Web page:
If, by some extraordinary chance, Doctor Who ever appears in your back garden and says: ‘Do you want to go back to Kingston, Jamaica, in the mid-1970s?’, just thank him politely and carry on with your weeding. Truly, returning to this time is not something that can lead to any good. We think of political turbulence as Jeremy Corbyn being elected leader of the Labour Party. Yet the CIA and right-wing Cuban counter-revolutionaries are not, as far as one can deduce, teaching youngsters in the badlands of South London to fire M-16 carbines and detonate C4 plastic explosive. In Kingston at this time they were, says Marlon James, as part of a ghastly proxy conflict between ghetto gangs supporting either Michael Manley’s People’s National Party, affiliated to Castro and Russia, or the Jamaican Labour Party. In 1976, Bob Marley (‘the Singer’) was attacked in his home by seven gunmen. He survived, and the would-be assassins were never caught. The fall-out from this is spectacular, and unfolds over the next 20 years. Characters are motivated by a desire for money, status, cocaine, respect or revenge against some perceived slight – or, in some cases, all five. The construction of A Brief History of Seven Killings* – a variety of first-person narratives, speaking in sometimes hard-to-penetrate vernaculars as they give their versions of events – echoes the work of Denis Johnson and Irvine Welsh. This is not bad company. Don’t worry if your knowledge of 1970s Jamaican slang is not up to speed, you catch on fast and the rude words are nothing if not imaginative. James is a properly ambitious writer: as well as reggae, there are ghosts, a lot of gay sex and a an eye-watering massacre in a New York crack house. While the casual violence – murder, torture, the threat of rape – is, frankly, rather dispiriting, James’ writing is thrilling. There is a happy ending of sorts. Or at least the possibility of a hopeful ending. For one of the characters. Moral: there is always someone badder out there than the worst person you think you can imagine.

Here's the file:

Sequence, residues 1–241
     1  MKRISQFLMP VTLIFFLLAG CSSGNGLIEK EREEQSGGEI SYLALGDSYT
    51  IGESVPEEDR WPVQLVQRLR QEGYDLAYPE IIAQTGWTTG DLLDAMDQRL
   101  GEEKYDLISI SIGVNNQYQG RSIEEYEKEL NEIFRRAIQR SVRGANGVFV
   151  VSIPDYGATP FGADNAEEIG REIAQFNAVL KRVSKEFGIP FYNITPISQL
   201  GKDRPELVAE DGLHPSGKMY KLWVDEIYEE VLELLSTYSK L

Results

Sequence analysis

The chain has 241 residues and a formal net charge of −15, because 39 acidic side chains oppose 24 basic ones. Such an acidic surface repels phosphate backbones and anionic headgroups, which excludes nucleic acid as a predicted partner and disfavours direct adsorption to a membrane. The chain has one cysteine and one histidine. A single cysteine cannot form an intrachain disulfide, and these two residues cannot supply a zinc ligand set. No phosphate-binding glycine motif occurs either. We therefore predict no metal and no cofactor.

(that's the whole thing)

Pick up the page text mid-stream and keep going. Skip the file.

* Spoiler alert: there are far more than seven killings in this book. I gave up after 36. That was on about page 53.